Active Swim Tips For First Lesson

What to do when your child starts crying in a swimming lesson?

At Active Swim we constantly train and develop our teachers teaching skills in all our venues, Rickmansworth School (Rickmansworth), Queen Elizabeth Boys School (Barnet), Millbrook Combine School and Royal Grammar School (High Wycombe).

Therefore all Active Swim teachers are experts in how to deal with a child who start crying in the water.  However, there is a long list of things parents can do to help their crying child and the swim program they are at.

We are going to first go through what a parent should do to keep their child from crying or reduce the tear time to a minimum.

To prevent children crying at swim lessons:

• Mentally prepare your child for the swimming experience.

When you sign up for swim lessons inform your child that they will be participating in swim lessons. Let them know in clear terms that they will be at class once a week for 30 minutes, and that they will learn how to go underwater like you do in the bathtub or shower, and will practice moving through the water safely.

Remind your child that there will be other people in the class with them and that a swim instructor will help them learn how to swim and keep them safe

• Visit the pool before swim lessons.

The fact that your child see the swimming pool and other children learning to swim in a safe and fun environment will automatically make your child feel comfortable.  Seeing other children of similar age and ability will even increase your child interest in joining the lessons.

• Do everything you can to spend some time together at your local swimming pool. The best idea is to get in the water with your child and walk them through getting in the water from the side with assistance and blowing bubbles. Play games together and do your best to laugh, have fun, and be positive. We want to create a positive association with the water and swimming environment.

When your child comes to the swim lesson they would already have a positive and happy association with the water and swimming environment. Beyond reacting to tears this one thing will require a little bit of your free time and will prevent the majority of children from crying.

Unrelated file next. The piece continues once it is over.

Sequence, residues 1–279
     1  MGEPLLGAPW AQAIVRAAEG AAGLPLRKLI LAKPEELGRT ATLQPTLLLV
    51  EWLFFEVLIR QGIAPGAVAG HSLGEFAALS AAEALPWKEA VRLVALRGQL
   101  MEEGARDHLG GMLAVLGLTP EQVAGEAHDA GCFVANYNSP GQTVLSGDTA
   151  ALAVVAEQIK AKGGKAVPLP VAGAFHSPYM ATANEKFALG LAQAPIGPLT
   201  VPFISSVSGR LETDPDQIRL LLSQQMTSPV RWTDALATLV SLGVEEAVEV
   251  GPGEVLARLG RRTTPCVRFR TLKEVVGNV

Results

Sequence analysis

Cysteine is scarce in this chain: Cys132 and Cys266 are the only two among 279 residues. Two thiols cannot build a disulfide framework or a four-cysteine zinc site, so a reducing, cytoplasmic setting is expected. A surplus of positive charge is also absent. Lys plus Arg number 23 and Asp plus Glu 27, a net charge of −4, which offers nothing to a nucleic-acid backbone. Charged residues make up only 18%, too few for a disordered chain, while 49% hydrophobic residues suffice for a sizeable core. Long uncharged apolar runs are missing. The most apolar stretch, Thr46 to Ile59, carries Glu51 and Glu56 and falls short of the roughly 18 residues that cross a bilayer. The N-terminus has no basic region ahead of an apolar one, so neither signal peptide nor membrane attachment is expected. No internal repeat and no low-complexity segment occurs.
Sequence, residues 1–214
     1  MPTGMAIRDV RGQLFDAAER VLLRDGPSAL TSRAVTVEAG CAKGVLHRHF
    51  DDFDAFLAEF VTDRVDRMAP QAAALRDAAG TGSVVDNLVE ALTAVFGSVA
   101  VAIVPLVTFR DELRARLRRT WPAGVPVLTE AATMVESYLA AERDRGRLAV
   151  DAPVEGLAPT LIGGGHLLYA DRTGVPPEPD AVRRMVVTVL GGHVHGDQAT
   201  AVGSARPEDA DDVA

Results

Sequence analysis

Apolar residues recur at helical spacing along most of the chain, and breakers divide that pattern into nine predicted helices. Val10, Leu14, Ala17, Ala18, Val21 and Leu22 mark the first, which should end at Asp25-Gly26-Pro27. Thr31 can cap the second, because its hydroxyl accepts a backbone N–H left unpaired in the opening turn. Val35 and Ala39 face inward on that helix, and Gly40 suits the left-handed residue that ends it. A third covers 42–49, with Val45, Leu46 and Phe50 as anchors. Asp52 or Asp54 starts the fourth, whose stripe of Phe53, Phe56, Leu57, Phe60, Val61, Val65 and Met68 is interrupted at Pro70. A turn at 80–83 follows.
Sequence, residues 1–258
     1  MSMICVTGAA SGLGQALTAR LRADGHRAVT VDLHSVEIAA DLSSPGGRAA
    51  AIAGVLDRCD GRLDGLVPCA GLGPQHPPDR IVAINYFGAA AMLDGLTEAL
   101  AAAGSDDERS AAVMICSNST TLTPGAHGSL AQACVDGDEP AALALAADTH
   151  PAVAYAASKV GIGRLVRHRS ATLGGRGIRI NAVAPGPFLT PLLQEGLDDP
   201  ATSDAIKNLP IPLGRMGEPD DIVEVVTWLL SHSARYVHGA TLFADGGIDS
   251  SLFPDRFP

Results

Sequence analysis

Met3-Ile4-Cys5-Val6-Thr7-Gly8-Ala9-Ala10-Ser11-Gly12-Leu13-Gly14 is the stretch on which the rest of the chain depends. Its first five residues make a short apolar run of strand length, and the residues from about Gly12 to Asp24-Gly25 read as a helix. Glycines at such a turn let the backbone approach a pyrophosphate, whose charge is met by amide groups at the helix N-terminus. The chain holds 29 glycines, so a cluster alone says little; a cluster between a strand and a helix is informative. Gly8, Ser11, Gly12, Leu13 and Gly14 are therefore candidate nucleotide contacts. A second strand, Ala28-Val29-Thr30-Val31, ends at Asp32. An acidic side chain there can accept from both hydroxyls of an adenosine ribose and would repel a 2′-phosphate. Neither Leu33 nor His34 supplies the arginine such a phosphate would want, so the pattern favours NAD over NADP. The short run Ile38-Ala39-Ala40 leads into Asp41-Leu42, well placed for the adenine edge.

• Constantly offer support and encouragement in the days before the lessons, immediately before the class at the pool, and after a lesson.

During the lesson try to have minimum eye contact with your child, this will help the teacher to build a rapport with your child.  If you have constant eye contact with them then your child will not listen or pay attention to the teacher.  As a result the lesson will not be effective as the child entire attention will be towards the parents not the teacher. This can be the hardest part for parents but it really does work.  The moment your child do not receive much vibes from you, they will automatically start to listen to the teacher and soon you will see a smile on your child face as they start to communicate.

Parents are the choreographers of their children’s emotional state. You should present a positive welcoming and happy outward demeanour when you are describing swimming and swim lessons. Tell your child how much fun they are going to have at the pool. Remind them about the fun things that you did together at the pool when you went swimming before the lessons. Your goal should be to boost their confidence and load them with positivity and excitement for the coming lesson where they will learn new and wonderful things in the water.

Do your best to lace your language with positive words and actions. Give hugs, kisses, encouragement, and present a reassuring confident body language to convey confidence and certainty to your child.